I am very sure of one thing that ‘our carers’ deserve so much more than clapping – although it was a good start. Having had five trips to hospitals in Kensingtpe in recent weeks – four as an in-patient – and receiving ‘support care’ at home, I have some idea of what I am talking about.
The word Carers covers so many people and organisations. I have included some below – the Ambulance Service, our hospitals, the nurses and doctors in them, GP surgeries and all their staff, Local Authority social services, carers in agencies and in of course in care homes. I hope that if this pandemic teaches people anything, it is to appreciate how lucky we are to have people and organisations that care for us
I found it very comforting to find out the care that is available for someone like me – single, live on my own and no family (apart from Dolly my amazing dog). I can only speak of Kensington, but I believe it is available almost elsewhere.
During my recent adventurous period – four falls in as many weeks – I discovered that help is at hand when you come out of a hospital. The Community Independence Service kicks in with its ‘reablement service’. You are allowed six weeks of support through carers, physiotherapists, occupational therapists all working together to ‘get you back on your feet’!
I confess I felt a little awkward about having someone in to my home to assist me with ‘personal care’. It’s funny how when the need is great, common sense and acceptance sets in. I have had the most amazing support and I am getting there. The carers have been wonderful and caring – and that helped a lot.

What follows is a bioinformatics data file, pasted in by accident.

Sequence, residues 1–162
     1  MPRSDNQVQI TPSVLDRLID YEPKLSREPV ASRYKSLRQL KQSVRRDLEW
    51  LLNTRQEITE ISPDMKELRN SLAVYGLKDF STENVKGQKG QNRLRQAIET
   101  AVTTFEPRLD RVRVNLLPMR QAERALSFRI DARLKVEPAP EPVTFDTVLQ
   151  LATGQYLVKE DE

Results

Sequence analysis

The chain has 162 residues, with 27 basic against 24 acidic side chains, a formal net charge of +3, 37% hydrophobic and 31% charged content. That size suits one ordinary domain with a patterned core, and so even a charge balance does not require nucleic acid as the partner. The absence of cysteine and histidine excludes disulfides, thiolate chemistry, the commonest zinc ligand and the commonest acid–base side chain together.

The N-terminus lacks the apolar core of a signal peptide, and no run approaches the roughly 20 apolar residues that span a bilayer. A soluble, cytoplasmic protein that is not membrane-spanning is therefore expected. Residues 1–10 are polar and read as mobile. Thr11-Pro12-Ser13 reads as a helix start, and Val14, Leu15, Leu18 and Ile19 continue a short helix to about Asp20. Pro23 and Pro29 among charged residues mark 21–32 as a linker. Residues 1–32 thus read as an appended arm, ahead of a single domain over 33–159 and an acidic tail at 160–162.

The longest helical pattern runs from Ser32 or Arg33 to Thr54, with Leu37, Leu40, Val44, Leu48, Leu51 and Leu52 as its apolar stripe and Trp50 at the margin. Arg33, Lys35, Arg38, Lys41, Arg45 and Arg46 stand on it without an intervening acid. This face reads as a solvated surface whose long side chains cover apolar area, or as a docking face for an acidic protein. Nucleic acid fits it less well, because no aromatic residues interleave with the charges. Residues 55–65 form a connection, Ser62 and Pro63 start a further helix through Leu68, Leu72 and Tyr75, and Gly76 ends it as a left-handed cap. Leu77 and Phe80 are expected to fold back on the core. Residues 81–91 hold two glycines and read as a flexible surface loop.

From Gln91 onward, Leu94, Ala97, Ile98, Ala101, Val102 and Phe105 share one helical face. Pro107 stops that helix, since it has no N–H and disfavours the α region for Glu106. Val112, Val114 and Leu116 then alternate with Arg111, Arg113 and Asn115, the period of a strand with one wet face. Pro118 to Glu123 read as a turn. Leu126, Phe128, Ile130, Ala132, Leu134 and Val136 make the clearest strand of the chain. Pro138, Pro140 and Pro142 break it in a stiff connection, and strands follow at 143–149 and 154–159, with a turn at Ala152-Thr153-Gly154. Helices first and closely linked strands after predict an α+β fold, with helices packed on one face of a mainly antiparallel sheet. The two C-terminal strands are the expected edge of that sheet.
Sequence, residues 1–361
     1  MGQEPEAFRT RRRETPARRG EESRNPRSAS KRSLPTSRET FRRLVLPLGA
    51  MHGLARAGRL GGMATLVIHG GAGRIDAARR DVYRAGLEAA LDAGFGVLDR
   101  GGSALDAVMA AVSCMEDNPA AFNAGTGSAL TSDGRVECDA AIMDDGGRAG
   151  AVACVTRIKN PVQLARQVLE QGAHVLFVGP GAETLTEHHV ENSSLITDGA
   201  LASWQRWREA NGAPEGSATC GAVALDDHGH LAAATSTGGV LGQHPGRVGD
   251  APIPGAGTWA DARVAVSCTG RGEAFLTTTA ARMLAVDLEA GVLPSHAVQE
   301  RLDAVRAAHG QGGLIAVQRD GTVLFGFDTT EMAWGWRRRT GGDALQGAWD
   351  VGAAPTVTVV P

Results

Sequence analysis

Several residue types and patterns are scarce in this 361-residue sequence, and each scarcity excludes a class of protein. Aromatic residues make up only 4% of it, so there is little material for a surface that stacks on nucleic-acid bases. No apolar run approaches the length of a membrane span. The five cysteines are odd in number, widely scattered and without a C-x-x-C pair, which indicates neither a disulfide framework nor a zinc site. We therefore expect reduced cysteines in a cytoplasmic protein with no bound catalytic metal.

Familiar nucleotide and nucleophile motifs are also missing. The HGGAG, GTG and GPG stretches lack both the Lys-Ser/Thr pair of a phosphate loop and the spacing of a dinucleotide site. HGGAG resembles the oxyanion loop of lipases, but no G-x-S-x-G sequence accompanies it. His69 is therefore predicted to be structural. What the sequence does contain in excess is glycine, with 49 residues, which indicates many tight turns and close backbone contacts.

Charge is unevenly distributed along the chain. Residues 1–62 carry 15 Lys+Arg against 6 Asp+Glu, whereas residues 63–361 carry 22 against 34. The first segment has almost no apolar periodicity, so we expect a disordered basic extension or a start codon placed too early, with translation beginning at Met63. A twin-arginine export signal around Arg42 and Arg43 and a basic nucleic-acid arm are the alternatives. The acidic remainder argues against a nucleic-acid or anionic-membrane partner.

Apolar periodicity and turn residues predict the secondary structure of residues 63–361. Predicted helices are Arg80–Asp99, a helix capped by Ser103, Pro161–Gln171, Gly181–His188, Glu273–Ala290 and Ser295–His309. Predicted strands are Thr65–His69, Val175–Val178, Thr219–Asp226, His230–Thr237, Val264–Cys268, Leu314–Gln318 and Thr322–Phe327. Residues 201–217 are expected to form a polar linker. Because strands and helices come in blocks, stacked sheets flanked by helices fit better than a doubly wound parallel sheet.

I was deeply impressed by the Royal Brompton Hospital – the way it is organising itself in these very difficult times to ensure patients have access to tests and procedures and operations is outstanding.
It felt rather special when I checked in to the Royal Brompton this week for a procedure on my heart. The ward I was admitted to had a lovely view overlooking St Luke’s Church – every little helps at a time like this! The care and professionalism at this hospital are second to none.
If I may, I’ll end with a list of ‘personal thank yous’ to the NHS Ambulance Service in Kensington, Chelsea ad Westminster Emergency Department and the associated wards, Royal Brompton Hospital and the team on Paul Wood Ward, the amazing Dr Jonathon Clague and his team, Professor Stephen Durham and Dr Guy Scadding, Kensington and Chelsea Social Services and the Community Independence Service.
They all made me feel safer and better. I hope that these words will be encouraging to anyone else who might face similar challenges in Kensington. We are not alone.
They Deserve More Than Clapping!